Here's W. R. Mead with today's Fourth Turning update.
The more “Democratic” an institution is these days, on the whole the less well it is working. What institution in the United States has been under Democratic control longer and more thoroughly than the failing public school systems of major cities? Or their police departments?

Yet against the backdrop of failing Democratic policies and institutions, the collapse of the Republican Party into political and intellectual incoherence is all the more striking. The Democrats, for all their inability to achieve their stated end of social progress through their chosen means of good governance, are clearly more competent at the essential business of party management than their GOP rivals. The failures of Democratic governance are so apparent, and the public unhappiness with the cronyism and inequality of interest group liberalism so deep, that organizing an effective opposition should be a fairly easy task—but even that basic objective has eluded the contemporary GOP.
The problem, dear reader, might be that political parties, being political parties, think like political parties, where it's all about winning elections.  The Democrats keep on relying on their dependent base,   The Republicans, at the presidential level, have just pivoted from National Greatness Conservatism to National Greatness Populism.  But turfing out the rent-seekers means a radical restructuring of the Republican management, and the managers are more about institutional survival.

The rot, Mr Mead suggests, is in other institutions as well as in the dinosaur political parties.
Our society has grown too big, too complex and too diverse for the ideas and institutions on which it runs. This is partly a religious and cultural problem. American culture was originally shaped by a set of Christian and Enlightenment ideas, sometimes in tension with each other, that nevertheless provided a framework for common social and political discussion. We’ve moved away from this classic American synthesis without finding an effective replacement—if indeed a replacement can be found—and both the spiritual and intellectual roots of American life are growing more and more attenuated.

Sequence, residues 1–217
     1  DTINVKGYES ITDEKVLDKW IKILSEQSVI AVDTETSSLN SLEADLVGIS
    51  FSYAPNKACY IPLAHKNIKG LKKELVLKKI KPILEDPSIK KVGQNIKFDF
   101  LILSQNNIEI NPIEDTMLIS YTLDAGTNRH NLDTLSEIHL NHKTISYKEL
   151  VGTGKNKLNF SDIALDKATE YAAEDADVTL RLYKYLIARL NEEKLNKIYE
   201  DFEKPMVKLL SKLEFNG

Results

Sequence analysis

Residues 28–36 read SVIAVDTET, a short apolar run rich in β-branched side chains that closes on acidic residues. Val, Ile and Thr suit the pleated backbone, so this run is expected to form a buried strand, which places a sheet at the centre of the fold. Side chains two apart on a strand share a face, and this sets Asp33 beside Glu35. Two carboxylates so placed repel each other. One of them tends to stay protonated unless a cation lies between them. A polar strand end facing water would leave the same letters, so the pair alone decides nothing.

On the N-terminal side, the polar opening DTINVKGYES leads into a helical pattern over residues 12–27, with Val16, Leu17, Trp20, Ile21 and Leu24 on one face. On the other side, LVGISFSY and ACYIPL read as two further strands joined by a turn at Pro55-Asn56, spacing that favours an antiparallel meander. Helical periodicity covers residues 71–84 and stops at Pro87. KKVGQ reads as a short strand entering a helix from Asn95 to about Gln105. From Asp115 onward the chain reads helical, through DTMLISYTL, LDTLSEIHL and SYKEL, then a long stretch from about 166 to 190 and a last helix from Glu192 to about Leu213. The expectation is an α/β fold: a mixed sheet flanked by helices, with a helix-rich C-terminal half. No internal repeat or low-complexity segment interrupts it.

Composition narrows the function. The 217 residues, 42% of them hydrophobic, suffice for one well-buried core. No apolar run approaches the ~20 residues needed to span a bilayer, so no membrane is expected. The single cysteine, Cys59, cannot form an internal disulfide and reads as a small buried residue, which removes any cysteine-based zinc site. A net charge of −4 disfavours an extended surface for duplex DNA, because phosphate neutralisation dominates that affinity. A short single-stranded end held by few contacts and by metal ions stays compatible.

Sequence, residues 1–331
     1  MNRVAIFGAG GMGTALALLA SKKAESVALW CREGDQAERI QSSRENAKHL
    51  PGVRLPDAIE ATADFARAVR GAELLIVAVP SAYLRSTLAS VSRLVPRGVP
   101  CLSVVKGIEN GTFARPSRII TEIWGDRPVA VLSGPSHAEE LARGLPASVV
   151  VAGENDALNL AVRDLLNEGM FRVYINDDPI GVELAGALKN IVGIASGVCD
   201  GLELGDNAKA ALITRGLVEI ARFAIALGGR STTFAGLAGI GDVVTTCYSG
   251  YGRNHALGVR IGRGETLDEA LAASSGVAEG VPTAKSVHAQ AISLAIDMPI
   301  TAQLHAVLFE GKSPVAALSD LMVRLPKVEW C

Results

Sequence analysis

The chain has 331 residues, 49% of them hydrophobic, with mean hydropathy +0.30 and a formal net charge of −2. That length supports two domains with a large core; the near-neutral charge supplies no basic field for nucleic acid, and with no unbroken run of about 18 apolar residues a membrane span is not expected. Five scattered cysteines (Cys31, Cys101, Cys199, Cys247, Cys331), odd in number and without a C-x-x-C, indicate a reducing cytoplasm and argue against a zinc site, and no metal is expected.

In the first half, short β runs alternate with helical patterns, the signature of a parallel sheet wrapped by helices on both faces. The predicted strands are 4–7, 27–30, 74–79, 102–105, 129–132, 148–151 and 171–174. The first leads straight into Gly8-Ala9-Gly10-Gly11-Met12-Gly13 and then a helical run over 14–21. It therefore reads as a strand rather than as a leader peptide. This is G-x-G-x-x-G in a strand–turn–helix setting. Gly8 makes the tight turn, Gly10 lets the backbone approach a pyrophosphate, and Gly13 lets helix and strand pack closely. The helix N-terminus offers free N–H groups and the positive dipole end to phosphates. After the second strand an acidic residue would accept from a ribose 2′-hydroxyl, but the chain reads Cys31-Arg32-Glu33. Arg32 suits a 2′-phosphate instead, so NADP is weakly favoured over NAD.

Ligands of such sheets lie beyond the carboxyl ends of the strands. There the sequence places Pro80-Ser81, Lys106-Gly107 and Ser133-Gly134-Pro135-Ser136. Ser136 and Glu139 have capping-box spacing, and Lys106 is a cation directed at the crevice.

In some ways, we're seeing what happens when Wise Experts attempt to cultivate all the social and political strains from their Acela Corridor hothouses.  Complex adaptive systems tend to do whatever they d**n well please, including withering in the presence of excessive pruning.
Democratic progressives remain locked into the assumptions and categories of 20th-century progressive thought. This involves things like the administrative state, the career civil service, the role of the upper middle class professional in limiting the tendency of both the plutocratic elite and the unthinking masses to wreck society by their short-sighted and selfish demands. The progressive professionals are no longer able to do that job as the plutocrats are too powerful and too clever for the regulators—and the masses are less and less willing to submit to the increasingly ineffectual tutelage of their self-appointed administrative and academic mentors and guardians.

Meanwhile, the sources of mass affluence and security that stabilized American life in the 20th century—large-scale manufacturing and clerical employment in big, stable corporations and government institutions—have been declining for decades, and the new forms of information-age economic activity are not well-developed enough to take up the slack. And these internal crises are shaking American society at just the time new challenges to the Pax Americana are rising worldwide. Old orders are breaking down everywhere, and ambitious powers are seeking their “place in the sun.”
Evolution is mutation, selection, and adaptation. That does not preclude extinction for the maladapted.  Including the legacy political parties and their court intellectuals and their talking points.

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